Northwest Michigan fruit report – June 18, 2019
Cool and wet conditions continue in northwest Michigan. We are assessing crop size in cherries, and growers are thinning apples.
Not much has changed with the weather during the past week. We continue to have cool and wet weather across the region. The forecast is predicting conditions will dry out this week, with rain moving back into the region for the weekend. This dry period is an opportunity for growers to get into the orchard to cover up for the next rain event. This weather has been a huge challenge for growers to cover up the fast-growing tissue to protect for diseases. Diseases have a foothold here at the Northwest Michigan Horticulture Research Center. We were late with our cherry leaf spot applications, and we have a pretty good infection across many of our tart cherry blocks. Hopefully growers were able to start their leaf spot programs earlier as this season has been unforgiving for disease development.
We continue to be about two weeks behind our normal growing degree day averages. We have accumulated 707 growing degree days (GDD) base 42 and 340 GDD base 50. Our 30-plus year averages are 1,003 GDD base 42 and 559 GDD base 50. We have had over 3 inches of rain since the beginning of June, and we had rain Wednesday, June 12, through Saturday, June 15, last week. Jeff Andresen’s forecasts suggest there will be a change in the weather next week, and we should see warmer temperatures and less moisture.
The sweet cherry crop seems to be lighter than we anticipated last week. We have observed drop in the small fruits that likely were not pollinated. The crop still looks quite good, and fruit is sizing; Ulster and Emperor Francis are at 13 millimeters at the Northwest Michigan Horticulture Research Center.
The tart cherry crop is quite variable across the region. Areas to the south seem to have a bigger crop load than some of the orchards to the north. We are still assessing the size of the crop for 2019.
Apple thinning is underway across the region. We are at the optimal thinning timing at the Northwest Michigan Horticulture Research Center. Honeycrisp are 10 millimeters and Gala are 8 millimeters. The next few days are likely going to be the best opportunity to thin apples. Temperatures are predicted to be in the mid-60s to low 70s for the next four days. The carbohydrate model is showing that we have an excess of carbohydrates, which means the trees will be more resistant to thinning (Fig. 1). The model is recommending growers increase their chemical thinner rates by 15% for the next four days. Take advantage of this thinning window as rain is expected to move back into the region for the weekend. Temperatures will still be on the cooler side, but warmer than in recent days, and warmer conditions will improve thinning activity.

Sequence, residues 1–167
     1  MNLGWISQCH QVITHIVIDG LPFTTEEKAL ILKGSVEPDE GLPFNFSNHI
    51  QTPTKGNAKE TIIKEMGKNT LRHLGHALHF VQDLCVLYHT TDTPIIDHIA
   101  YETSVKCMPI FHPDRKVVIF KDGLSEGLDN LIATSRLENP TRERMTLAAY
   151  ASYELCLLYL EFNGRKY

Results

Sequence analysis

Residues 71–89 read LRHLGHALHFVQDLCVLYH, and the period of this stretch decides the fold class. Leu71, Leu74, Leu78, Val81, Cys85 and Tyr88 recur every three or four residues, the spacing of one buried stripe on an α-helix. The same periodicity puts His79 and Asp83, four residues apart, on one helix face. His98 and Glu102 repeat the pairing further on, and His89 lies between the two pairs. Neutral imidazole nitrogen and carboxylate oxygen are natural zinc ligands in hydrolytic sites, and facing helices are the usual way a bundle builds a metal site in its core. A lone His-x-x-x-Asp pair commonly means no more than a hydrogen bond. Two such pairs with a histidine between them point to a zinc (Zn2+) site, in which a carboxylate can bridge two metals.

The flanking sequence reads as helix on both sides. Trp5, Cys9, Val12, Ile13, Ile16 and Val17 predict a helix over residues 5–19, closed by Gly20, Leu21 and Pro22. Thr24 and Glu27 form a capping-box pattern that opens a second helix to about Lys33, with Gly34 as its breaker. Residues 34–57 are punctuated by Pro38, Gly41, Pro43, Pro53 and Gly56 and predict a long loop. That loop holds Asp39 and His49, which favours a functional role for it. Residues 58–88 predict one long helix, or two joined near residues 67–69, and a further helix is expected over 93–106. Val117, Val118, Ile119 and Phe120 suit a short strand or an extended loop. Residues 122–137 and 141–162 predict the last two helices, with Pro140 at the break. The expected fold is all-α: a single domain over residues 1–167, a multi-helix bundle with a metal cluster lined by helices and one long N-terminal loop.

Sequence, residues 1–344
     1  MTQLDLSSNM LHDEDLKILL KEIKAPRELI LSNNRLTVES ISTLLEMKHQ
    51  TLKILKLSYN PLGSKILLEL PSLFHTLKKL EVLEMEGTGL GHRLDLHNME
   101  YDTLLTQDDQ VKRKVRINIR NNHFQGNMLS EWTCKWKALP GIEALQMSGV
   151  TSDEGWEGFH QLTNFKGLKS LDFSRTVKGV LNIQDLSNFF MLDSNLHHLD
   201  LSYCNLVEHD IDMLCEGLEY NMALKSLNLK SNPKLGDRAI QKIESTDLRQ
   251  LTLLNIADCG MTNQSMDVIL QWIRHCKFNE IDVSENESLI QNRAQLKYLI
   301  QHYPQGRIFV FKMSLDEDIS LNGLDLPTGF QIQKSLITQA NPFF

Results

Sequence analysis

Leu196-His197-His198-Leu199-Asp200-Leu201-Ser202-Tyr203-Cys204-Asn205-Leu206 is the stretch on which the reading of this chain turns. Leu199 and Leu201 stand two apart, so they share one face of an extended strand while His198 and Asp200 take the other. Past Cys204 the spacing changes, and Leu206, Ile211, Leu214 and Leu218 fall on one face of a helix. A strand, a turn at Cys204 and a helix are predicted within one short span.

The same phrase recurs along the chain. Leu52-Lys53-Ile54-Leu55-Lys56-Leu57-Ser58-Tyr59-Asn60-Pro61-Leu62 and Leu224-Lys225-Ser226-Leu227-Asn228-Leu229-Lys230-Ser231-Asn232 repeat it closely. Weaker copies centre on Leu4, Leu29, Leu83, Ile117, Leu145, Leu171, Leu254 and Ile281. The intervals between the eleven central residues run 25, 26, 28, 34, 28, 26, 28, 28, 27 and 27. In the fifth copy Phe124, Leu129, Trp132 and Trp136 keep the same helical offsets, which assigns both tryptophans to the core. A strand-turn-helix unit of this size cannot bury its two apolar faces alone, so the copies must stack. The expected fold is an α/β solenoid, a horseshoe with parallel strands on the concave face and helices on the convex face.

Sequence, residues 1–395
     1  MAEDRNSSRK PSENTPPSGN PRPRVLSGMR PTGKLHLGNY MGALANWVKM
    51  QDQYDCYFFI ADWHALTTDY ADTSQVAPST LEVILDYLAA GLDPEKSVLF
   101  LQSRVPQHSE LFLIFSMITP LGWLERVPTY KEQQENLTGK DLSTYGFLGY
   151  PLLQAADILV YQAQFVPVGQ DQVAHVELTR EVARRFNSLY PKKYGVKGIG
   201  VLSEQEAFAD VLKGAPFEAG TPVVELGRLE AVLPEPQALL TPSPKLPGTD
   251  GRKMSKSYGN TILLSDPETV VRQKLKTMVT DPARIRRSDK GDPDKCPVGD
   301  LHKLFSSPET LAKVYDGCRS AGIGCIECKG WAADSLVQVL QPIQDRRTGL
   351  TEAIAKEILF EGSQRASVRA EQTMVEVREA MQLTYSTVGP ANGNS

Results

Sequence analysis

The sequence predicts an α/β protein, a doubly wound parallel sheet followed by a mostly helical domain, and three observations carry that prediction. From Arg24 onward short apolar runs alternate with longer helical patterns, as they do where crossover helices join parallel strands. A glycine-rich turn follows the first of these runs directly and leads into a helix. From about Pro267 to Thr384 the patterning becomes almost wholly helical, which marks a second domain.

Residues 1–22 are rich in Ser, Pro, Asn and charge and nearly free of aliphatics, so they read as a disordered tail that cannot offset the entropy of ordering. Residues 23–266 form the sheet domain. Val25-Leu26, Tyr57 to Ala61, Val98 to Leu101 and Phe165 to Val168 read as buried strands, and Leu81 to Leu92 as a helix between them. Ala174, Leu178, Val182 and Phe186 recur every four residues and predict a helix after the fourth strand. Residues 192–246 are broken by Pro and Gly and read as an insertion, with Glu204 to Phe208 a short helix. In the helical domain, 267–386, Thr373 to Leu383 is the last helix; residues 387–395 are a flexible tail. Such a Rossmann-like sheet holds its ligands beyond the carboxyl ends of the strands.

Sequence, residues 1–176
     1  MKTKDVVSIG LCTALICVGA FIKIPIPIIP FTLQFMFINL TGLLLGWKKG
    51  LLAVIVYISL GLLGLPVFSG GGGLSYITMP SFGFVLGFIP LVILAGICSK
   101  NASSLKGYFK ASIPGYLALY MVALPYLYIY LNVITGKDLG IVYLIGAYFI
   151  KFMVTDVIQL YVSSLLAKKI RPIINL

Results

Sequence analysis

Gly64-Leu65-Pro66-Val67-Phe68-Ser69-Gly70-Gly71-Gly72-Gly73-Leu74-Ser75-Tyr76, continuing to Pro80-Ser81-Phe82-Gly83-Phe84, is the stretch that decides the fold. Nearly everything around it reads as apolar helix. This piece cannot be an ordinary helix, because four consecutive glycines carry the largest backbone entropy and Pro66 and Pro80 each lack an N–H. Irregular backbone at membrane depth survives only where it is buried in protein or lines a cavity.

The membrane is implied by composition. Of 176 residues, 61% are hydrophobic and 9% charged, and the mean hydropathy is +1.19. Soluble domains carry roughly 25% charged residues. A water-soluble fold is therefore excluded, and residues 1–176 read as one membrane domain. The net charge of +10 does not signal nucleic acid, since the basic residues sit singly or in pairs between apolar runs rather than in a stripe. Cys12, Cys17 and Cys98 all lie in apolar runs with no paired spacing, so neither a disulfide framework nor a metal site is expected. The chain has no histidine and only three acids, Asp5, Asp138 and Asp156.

Primary apple scab is still ongoing at this time. Our colleague Amy Irish-Brown located on the Ridge north of Grand Rapids, Michigan, is still catching spores on her spore rods and has yet to call the end of primary. Spores are mature, but rain is needed for the remaining spores to discharge. According to RIMpro, there are few spores remaining and at least one, but possibly more rain events will be needed before primary is over. Scab lesions started showing up in managed blocks last week from early June infections and symptoms of scab are predicted to show up later this week from infection periods during the second week of June. Overall incidence remains low at this time.
We have observed very few signs of fire blight infection in the region. This week, we found one Gala apple fruit with ooze at the station (see photo), but we have not found blighted flower clusters or flagging shoots.
Black stem borer trap catches have decreased this week and it appears that this first round of beetle emergence is winding down. As a reminder, once the beetles are inside of the trees, spray applications will not be effective for this pest. Beetles not impacted by treatment measures have bored new holes into trees where juvenile black stem borers will grow and develop in a gallery; the larvae will pupate and emerge as adults later this summer.